WordPress 3 Ultimate Security

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This is a comprehensive essential guide to WordPress security written in a light style, which converts learning a really serious topic to an enjoyable read. It is packed with copy-paste solutions to security to suit all levels of security know-how. Just as WordPress is used by a broad spectrum of website owners, with varying degrees of security know-how, so WordPress 3 Ultimate Security is written to be understood by security novices and web professionals alike.

From site and server owners and administrators to members of their contributing team, this essential A to Z reference takes a complex and, let’s face it, frankly dull subject and makes it accessible, encouraging, and sometimes even fun. Even if you are a total newbie to security, you can transform an insecure site into an iron-clad fortress, safeguarding your site users, your content and, sooner or later, your stress level.

What this book covers

Chapter 1, So What’s the Risk? sets the scene by outlining the vulnerabilities of WordPress, both directly and indirectly, coupled with the threats seeking to manipulate those frailties and ultimately helping us to weigh up the risk to our sites and blogs.

Chapter 2, Hack or Be Hacked practises our newly-gained theoretical awareness, giving us the hacker’s mindset, the methodology, and the toolkit to flag vulnerabilities with WordPress, its server, its network, and contingent devices.

Chapter 3, Securing the Local Box does just that, taking a potentially flaky working environment and reinforcing it with a best of breed anti-malware solution to give us a solid foundation from where to administer the site.

Chapter 4, Surf Safe plugs us tentatively into the wall, and the web, throwing up the problems we face while pinning down the solutions we need to navigate securely this perilous minefield of malicious intent.

Chapter 5, Login Lock-Down maps out the web’s mass transport system, its protocols, directing their correct use for securely delivering data while armour-plating precious destinations such as the Dashboard, the server, and phpMyAdmin.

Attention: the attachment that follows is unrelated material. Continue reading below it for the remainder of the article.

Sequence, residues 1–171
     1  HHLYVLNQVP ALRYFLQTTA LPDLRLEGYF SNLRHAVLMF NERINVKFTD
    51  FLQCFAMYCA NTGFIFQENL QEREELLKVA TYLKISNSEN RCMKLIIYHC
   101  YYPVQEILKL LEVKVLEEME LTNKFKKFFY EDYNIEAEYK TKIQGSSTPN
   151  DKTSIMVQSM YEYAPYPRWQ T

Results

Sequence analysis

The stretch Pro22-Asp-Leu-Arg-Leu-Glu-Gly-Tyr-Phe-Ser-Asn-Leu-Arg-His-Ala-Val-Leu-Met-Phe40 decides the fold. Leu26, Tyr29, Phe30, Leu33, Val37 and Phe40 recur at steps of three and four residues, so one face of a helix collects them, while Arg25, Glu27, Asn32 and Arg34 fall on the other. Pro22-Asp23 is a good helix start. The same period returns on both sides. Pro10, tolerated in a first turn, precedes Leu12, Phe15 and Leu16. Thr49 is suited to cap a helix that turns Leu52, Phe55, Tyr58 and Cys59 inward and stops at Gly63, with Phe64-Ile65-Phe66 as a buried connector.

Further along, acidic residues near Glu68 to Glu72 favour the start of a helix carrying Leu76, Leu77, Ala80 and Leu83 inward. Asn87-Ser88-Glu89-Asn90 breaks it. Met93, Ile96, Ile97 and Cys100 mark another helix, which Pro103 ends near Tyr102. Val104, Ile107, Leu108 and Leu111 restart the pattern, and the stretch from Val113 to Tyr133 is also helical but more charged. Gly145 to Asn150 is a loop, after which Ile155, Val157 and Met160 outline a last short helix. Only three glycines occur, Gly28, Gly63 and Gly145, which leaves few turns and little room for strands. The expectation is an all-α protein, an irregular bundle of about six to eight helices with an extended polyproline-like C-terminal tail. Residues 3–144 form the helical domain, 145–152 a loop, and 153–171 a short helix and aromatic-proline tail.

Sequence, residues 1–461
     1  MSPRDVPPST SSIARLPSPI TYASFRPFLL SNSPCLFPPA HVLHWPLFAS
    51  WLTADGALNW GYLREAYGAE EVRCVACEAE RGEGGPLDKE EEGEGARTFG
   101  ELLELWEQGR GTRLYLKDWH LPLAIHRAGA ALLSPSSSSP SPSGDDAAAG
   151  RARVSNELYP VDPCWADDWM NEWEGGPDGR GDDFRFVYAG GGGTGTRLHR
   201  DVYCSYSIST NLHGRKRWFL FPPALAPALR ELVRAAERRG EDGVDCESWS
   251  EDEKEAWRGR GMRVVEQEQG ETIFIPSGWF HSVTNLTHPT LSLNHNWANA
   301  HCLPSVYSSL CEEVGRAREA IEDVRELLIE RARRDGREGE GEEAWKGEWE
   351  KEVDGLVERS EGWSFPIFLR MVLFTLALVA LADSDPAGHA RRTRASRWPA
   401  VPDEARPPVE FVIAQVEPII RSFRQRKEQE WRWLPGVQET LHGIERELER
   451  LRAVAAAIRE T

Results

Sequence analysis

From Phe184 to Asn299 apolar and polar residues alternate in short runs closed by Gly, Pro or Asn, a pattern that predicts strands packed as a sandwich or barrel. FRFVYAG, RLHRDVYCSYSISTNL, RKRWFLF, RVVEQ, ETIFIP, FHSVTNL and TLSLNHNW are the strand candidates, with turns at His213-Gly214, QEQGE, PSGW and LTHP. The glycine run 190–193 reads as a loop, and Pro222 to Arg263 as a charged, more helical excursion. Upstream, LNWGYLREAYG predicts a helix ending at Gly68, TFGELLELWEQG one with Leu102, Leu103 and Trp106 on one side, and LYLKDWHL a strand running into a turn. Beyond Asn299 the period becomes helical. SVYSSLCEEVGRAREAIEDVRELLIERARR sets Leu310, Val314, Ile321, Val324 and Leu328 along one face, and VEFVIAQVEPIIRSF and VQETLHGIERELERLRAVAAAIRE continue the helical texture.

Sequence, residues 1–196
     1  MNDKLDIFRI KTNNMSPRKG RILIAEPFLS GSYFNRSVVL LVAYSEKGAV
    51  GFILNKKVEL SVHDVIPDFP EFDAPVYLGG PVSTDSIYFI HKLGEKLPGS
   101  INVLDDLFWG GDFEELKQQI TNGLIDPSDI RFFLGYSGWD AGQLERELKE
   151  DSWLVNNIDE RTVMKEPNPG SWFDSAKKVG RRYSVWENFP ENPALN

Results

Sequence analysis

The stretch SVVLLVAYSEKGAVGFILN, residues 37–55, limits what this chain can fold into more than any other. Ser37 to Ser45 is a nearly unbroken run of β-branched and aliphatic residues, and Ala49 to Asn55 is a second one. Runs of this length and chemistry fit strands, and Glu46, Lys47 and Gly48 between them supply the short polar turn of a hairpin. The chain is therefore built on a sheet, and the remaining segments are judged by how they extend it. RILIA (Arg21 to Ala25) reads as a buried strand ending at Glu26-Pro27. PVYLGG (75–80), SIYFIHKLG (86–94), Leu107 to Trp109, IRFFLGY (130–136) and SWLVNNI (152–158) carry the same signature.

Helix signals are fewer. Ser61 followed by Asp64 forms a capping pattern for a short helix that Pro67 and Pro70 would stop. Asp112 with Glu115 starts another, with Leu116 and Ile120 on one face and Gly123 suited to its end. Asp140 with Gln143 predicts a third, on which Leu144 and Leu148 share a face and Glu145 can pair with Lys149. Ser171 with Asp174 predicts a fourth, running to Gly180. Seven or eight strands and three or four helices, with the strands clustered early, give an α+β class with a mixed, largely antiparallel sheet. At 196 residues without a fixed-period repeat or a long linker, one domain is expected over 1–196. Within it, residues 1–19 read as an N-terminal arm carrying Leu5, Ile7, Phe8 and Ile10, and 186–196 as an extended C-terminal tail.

Chapter 6, 10 Must-Do WordPress Tasks gives the platform teeth by addressing common shortcomings with a heap of tips along the way to secure administration and, also for example, setting up an automated off-server backup system.

Chapter 7, Galvanizing WordPress sets out numerous advanced techniques to defend against hackers, scrapers, and spammers while again advising on a range of admin issues such as a security-assistive local development strategy.

Chapter 8, Containing Content addresses ours, explaining the law and our copyright options, showing how to benefit from managed reuse and setting out tools and strategies to defend, track, and regain control of copy and media.

Chapter 9, Serving Up Security boots us into our site’s security-interdependent hosting assessment, demystifying least privilege user and file protection while tracking malicious activity with the correct use of logs.

Chapter 10, Solidifying Unmanaged takes due care to harden server and control panel access, to isolate web and server files, to protect PHP and databases, and to firewall the lot with an extensively tweaked network configuration.

Chapter 11, Defense in Depth fortifies the site and server with kernel and memory patching, a web application firewall, simplified logs management and host-, network- and rootkit-based detection systems.

Appendix A, Plugins for Paranoia is my personal pick of the protective plugin pack, with each and every one thoroughly tested and listed on merit.

Appendix B, Don’t Panic! Disaster Recovery sequentially orders a strategy to protect our site users, our reputation, and SEO before finding and rectifying problems to get the site back online in the quickest possible time.

Appendix C, Security Policy provides a working document template setting out a framework strategy to pre-empt and future-proof your ongoing security concerns.

Appendix D, Essential Reference pools security’s big gun websites including blogs, forums, hacking tools, organizations and, oddly enough, WordPress resources.

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